WOMEN.INT    20 March 1991        2

British Conservative MEP's are trying to block the introduction
of a European Community directive planned to give new and
stronger rights to pregnant and breast feeding workers. Tory
MEP's were virtually alone in voting against the first reading
of the directive in the European Parliament last December.

The draft directive is now back with the Council of Ministers,
and with support from 11 of the 12 Community countries, has a
good chance of passing through all stages of procedure by
Summer 1991. It would then be down to Member States to
introduce their own legislation to comply with its terms.

The British government, still the odd one out in Europe, is
however threatening to block the directive in the European
Court. It is hoping to build a case on the grounds that the
directive is being treated as a health and safety issue under
the Community Charter of basic social rights for workers and
not as an employment matter where individual Member States have
a right to refuse to comply. Britain was alone in Europe in
refusing to adopt the Community Charter.

Under the draft directive, all workers, including seasonal and
part-time workers, would be entitled to an uninterrupted period
of 16 weeks leave on full pay, to commence not less than two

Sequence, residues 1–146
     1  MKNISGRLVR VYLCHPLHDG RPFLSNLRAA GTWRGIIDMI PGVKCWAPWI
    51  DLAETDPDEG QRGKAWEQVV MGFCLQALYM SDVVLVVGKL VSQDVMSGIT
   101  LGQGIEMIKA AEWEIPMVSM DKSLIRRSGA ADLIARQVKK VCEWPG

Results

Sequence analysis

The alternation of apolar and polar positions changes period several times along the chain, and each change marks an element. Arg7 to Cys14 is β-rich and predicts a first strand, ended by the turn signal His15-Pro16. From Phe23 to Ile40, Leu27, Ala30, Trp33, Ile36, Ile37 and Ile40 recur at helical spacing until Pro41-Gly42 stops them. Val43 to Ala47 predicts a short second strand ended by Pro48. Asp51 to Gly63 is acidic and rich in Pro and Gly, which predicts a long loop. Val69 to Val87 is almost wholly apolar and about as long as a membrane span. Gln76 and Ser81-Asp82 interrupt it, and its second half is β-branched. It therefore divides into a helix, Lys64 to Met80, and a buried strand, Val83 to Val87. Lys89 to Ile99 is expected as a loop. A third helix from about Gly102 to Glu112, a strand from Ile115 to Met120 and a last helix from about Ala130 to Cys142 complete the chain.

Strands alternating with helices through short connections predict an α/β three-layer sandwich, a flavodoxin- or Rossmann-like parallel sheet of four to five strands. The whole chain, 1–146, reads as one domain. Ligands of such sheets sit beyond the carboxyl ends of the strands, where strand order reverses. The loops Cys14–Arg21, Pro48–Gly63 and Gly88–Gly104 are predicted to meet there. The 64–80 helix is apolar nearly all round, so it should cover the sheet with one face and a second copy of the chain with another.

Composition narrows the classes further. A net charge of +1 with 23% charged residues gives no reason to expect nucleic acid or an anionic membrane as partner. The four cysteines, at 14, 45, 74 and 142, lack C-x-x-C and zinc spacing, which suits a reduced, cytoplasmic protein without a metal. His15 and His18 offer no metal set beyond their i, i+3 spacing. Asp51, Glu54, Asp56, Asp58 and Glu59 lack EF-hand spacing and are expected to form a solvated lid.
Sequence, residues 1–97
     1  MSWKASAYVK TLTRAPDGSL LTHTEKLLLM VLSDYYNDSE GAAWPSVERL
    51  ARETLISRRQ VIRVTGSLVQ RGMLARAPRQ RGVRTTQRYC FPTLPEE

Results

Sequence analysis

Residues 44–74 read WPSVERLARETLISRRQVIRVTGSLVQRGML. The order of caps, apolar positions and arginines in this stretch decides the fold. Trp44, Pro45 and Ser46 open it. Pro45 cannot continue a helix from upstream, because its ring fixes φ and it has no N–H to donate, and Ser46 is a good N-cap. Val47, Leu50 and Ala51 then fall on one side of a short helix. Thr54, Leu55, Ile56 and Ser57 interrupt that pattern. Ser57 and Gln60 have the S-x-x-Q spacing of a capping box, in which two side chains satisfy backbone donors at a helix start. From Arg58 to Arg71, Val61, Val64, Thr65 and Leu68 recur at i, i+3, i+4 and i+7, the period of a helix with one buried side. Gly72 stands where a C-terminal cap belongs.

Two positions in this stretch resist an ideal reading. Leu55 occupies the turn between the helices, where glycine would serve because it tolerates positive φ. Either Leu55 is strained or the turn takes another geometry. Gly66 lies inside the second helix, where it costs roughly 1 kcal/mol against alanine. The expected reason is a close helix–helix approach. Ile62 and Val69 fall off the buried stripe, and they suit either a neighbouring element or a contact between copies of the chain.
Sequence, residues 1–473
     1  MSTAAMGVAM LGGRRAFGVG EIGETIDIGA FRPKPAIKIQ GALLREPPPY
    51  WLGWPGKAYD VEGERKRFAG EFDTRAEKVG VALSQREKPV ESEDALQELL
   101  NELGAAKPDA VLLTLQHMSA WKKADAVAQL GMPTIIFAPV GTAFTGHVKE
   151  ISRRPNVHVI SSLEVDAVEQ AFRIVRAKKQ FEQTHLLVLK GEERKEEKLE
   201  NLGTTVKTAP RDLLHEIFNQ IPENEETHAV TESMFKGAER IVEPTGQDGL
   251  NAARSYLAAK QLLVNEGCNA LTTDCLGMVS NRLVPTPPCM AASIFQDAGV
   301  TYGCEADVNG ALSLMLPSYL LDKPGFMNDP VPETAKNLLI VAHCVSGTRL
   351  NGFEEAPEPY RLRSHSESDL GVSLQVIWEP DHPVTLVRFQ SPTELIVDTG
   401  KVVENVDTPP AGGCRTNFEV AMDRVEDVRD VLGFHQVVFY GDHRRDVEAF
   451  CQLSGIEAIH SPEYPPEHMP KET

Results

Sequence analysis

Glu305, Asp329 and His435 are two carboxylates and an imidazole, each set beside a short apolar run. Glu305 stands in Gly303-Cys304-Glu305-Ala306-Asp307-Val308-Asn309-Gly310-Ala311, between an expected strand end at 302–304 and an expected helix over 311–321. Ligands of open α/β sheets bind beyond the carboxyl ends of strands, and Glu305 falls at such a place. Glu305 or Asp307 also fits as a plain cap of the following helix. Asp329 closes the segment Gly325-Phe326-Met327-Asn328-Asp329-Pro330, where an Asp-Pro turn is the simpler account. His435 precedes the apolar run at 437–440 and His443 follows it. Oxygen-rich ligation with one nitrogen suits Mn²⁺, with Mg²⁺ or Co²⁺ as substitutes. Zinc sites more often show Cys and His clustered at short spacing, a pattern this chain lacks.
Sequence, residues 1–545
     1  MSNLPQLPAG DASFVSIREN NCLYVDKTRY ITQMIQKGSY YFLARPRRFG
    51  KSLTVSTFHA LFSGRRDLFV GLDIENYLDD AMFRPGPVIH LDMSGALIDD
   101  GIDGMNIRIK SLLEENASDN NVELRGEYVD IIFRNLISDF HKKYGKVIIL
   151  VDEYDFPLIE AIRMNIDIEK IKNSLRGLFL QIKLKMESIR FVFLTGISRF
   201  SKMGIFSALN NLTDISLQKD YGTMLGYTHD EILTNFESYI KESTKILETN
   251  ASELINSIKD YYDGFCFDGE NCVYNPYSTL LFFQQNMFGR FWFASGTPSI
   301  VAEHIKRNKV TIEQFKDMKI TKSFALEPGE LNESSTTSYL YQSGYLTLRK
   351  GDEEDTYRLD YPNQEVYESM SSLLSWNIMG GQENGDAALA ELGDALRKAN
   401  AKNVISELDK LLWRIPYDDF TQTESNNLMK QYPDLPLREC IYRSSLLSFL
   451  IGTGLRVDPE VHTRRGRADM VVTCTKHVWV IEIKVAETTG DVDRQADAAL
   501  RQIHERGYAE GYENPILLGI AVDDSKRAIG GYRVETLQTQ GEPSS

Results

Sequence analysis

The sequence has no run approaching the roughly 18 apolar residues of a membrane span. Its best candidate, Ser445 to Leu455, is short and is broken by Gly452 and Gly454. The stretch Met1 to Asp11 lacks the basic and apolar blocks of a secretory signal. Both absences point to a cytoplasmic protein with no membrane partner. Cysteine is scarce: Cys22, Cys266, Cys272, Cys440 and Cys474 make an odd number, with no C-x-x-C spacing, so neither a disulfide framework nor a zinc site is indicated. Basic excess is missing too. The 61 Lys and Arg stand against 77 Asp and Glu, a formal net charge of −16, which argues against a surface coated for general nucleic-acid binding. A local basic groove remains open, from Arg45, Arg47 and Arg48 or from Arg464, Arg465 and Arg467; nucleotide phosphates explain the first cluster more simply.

weeks before the expected date of delivery. Member states can
grant additional leave with pay for the entire period at not
less than 80 per cent of normal salary. Pregnant and breast
feeding workers would be entitled to protection from physical,
chemical and biological agents and this could involve moves to
alternative work or away from shift or night work. There would
be an obligation on employers to eliminate or control hazards.
Workers would be entitled to full information on risks to
health and fertility at the start of a new job. Pay and
employment rights would be maintained during periods of leave
and there would be redress for workers who believed their
rights had been infringed.

This would be a clear advance on current United Kingdom
legislation, which is stingy in both pay and leave and which
does not give any special protection against hazards to
pregnant and breast-feeding women at work. But if the
Government succeed in bottling the directive up in the European
Court, it could be many years before the Member States are
obliged to introduce new legislation.

Despite all the hype that attitudes to Europe and to equal
opportunities were going to change with the departure of
Margaret Thatcher from office, the evidence suggests that it
will be the same mixture as before from the "new man" in
Downing Street.

From Daily Hazard n30, March 1991.
London Hazards Centre, 308 Grays Inn Road, London WC1X 8DS.